NEWS

A-G Closes Conference Highlighting Fiji Trademarks, Rights During Covid-Era

Mr Sayed-Khaiyum pointed out the importance of Fijians keeping the ownership of the name and brand Fiji.
06 Dec 2020 10:34
A-G Closes Conference Highlighting Fiji Trademarks, Rights During Covid-Era
Attorney-General Aiyaz Sayed-Khaiyum (left), with New Zealand High Commissioner to Fiji Jonathan Curr (right), and his wife Fololeni Curr at the InterContinental Fiji Golf Resort and Spa on December 4, 2020. Photo: DEPTFO News

Attorney-General Aiyaz Sayed-Khaiyum rounded up the 22nd Attorney-General’s conference by pointing out some key issues ranging from intellectual property rights to carbon trading and how lawyers can prepare for the changing dynamics.

Intellectual property rights:

Two of the most popular brands which has Fiji in its name had not registered the trademark in Fiji, but had done it overseas. FIJI Water was registered in the United States of America, while Pure Fiji was registered in the United Kingdom before it was done here in Fiji.

Mr Sayed-Khaiyum pointed out the importance of Fijians keeping the ownership of the name and brand Fiji.

He explained that there was an emerging market for turmeric and even ginger. So, instead of one company registering Fiji Ginger as their trademark, it was important that the Fijian Government hold that trademark and allow any Fijian company which meets all requirements to use that brand, for example, Fiji Ginger.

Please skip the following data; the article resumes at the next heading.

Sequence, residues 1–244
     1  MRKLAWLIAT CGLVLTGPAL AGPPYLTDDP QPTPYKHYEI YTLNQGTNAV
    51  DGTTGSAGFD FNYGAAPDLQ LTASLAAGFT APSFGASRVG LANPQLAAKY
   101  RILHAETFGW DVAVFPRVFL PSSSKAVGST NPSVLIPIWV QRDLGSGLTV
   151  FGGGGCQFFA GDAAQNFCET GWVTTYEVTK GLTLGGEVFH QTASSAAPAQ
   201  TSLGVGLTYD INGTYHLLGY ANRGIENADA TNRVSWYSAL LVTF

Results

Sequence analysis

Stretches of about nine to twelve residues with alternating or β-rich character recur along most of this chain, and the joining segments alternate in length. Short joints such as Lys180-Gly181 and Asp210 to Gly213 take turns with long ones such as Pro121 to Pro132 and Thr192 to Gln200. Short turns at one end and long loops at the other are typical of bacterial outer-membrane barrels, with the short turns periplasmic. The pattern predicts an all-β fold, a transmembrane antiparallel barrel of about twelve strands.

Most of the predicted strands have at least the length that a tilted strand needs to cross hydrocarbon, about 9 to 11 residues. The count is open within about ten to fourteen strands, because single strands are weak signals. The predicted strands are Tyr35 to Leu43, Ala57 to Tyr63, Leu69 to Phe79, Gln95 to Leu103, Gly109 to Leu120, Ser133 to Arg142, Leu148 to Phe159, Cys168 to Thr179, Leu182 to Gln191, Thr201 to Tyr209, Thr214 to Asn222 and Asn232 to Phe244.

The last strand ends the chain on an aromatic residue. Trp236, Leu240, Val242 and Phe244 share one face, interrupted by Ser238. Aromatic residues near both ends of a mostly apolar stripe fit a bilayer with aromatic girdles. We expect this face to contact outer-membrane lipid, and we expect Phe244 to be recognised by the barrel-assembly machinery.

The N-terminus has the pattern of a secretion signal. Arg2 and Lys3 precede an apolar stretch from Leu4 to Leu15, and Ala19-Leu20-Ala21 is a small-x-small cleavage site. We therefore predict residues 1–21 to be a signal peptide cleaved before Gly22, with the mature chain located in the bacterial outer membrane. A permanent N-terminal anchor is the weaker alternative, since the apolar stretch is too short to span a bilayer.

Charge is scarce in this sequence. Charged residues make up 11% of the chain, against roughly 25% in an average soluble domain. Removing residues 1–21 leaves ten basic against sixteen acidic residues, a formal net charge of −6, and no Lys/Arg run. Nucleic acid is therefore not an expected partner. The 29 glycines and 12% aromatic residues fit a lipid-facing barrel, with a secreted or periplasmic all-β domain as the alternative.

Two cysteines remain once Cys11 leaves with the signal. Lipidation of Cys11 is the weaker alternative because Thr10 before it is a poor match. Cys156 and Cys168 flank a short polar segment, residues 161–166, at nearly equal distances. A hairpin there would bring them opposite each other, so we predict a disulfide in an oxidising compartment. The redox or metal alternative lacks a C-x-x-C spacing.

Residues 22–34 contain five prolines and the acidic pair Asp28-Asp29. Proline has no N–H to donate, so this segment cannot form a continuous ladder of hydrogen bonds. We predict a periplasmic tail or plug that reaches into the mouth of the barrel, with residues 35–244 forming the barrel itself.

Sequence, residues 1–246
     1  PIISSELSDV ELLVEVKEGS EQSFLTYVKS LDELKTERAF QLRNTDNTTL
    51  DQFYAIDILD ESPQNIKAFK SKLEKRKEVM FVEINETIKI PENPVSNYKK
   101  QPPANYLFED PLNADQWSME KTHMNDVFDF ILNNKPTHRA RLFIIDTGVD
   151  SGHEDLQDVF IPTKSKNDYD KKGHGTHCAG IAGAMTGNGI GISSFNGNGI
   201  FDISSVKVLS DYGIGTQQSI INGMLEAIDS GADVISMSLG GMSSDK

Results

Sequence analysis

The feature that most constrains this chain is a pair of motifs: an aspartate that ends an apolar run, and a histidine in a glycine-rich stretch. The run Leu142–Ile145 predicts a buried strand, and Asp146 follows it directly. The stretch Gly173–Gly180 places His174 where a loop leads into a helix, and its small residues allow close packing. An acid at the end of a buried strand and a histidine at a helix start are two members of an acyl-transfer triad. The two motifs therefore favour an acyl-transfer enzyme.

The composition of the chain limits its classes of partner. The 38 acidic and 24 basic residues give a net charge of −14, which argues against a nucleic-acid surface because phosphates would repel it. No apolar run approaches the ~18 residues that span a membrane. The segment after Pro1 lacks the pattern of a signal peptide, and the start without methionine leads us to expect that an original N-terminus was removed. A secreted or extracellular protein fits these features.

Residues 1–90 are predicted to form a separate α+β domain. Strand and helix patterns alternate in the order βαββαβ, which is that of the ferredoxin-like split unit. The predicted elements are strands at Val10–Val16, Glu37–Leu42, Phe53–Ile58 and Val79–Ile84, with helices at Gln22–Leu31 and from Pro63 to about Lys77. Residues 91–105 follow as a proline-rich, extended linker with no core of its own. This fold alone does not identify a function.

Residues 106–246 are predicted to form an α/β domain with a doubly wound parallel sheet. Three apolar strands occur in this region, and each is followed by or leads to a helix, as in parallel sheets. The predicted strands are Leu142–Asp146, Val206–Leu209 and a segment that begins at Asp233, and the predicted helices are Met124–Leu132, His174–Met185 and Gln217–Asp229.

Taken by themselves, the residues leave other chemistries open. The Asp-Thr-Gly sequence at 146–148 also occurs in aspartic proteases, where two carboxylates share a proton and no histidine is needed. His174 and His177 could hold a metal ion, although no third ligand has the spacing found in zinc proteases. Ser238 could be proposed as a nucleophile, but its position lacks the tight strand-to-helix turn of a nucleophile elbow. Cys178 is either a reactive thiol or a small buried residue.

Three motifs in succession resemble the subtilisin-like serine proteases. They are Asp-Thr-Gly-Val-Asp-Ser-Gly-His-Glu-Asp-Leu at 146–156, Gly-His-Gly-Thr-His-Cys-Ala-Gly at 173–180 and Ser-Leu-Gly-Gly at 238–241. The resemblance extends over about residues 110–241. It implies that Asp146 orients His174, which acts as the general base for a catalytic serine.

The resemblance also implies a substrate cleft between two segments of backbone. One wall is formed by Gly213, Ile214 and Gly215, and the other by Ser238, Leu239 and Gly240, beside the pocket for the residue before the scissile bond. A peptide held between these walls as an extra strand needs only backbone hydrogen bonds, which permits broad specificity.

Similarly, he talked in depth about trademarking indigenous intellectual properties such as masi and the issues surrounding it. For example, could one province trademark masi? Could one person from a province trademark a masi designed in a certain way?

In Fiji, indigenous knowledge is not written. So the documentary evidence is a lot harder to obtain, or to track.

Government will be presenting a Bill – the Traditional Knowledge and Traditional Cultural Expression Bill. Three Bills will be presented in Parliament and Mr Sayed-Khaiyum urged lawyers and people to make submissions when public submissions are called.

COVID-19 and Rights of people:

Mr Sayed-Khaiyum also highlighted the two sides of the same Right. In this case, he pointed out that if Government does not contain coronavirus or does not put in place measures to contain the pandemic, people could also claim that their rights were being infringed upon because the virus was not being contained.

“Everybody has a right to economic participation,” he said.

He pointed out that a lot more people could stand to lose their jobs if Government does not put in measures to contain coronavirus which would then again breach people’s rights.

Feedback: jyotip@fijisun.com.fj

 

 



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